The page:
Taking its cue from the clandestine postal system in Thomas Pynchon’s underground novel The Crying of Lot 49, Tristero invited subscribers to the project website to deposit unwanted files from their mail boxes or hard drives, with the promise that they would be creatively 'recycled’ by a series of artists. Seven artists took up month-long ‘residencies’ at the Tristero site, re-purposing, or conceptually re-working, the ‘found’ material.
The diverse approaches were like a historical index of different forms of artistic appropriation: Nick Crowe’s barbed and engaging collages carried strong echoes of Sixties ‘mail art’, Brigid McLeer’s unravelling micro narratives drew heavily on the ‘cut-up’ aesthetic, while Jacqueline Donachie’s sound works were examples of cut-and-mix audio sampling. Two pieces offered a more ascetic response to the rising tide of global junk. Simon Faithfull’s Image Klenz reduced each example of digital waste to the coloured essence of a single pixel, while Michael Landy’s endless delaying tactics were reminiscent of a situationist homme revolté enforcing the door-policy of an ultra-exclusive salon des refusés – declining to return (or détourne) the gif. The last two pieces, by Simon Biggs and Shiho Fukuhara, share a similar approach. Biggs’ work is a kind of zero-gravity landfill, in which all of the rubbish we surround ourselves with comes back to haunt us, whereas Fukuhara created a floating archive of digital flotsam clustered into abstract graphic forms.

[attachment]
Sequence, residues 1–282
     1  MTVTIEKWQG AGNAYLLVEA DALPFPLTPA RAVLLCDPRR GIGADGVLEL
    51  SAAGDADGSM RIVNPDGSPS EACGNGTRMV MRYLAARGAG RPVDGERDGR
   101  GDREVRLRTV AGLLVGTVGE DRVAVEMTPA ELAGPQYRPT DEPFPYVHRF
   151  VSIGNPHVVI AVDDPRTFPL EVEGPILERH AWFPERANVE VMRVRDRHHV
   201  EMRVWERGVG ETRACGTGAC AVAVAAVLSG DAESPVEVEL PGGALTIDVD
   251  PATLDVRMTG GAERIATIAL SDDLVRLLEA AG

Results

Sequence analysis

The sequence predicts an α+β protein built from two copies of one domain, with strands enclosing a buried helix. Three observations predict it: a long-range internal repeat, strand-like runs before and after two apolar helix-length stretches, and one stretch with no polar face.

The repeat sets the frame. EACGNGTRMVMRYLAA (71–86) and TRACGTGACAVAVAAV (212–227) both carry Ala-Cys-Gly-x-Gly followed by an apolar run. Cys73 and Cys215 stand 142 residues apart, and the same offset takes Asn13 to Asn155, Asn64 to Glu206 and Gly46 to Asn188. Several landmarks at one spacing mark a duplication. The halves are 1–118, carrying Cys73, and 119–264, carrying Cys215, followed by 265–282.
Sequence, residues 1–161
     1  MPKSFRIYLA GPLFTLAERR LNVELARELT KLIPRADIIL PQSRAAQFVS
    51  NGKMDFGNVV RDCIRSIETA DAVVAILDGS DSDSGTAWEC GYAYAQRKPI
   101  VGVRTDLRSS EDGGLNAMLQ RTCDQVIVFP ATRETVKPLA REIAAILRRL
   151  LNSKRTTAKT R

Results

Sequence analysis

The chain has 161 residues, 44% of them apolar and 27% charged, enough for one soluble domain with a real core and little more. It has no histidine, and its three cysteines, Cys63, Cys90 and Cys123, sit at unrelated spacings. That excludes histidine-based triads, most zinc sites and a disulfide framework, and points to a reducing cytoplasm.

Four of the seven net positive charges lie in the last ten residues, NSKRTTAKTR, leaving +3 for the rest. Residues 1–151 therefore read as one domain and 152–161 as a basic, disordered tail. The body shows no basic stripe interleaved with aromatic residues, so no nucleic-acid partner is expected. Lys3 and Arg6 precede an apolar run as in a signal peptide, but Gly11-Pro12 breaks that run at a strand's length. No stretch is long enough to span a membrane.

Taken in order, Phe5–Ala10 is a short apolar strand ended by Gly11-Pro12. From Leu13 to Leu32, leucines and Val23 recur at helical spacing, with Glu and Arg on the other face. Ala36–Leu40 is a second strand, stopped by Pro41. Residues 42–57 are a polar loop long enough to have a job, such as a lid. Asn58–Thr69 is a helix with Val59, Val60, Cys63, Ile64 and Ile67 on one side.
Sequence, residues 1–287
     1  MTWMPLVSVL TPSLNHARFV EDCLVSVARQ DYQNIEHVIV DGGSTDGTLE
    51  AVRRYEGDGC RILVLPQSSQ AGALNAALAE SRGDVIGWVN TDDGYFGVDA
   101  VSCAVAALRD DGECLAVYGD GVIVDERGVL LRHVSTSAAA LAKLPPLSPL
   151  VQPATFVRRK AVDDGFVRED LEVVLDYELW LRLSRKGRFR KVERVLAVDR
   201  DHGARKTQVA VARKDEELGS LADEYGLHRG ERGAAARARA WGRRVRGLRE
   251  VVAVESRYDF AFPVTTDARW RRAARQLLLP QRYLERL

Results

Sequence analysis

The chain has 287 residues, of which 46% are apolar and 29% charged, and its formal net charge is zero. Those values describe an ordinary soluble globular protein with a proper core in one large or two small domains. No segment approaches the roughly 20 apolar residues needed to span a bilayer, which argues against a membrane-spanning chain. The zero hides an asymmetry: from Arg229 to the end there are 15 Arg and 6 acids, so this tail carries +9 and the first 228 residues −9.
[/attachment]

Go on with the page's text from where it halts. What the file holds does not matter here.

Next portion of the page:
The archived version of the Tristero website has been rebuilt in order to contextualise the project and make the site self-contained. At the time of production, there were links to external sites and reliance on third party software which may no longer exist. Any biographical details are as they appeared on the site at the time.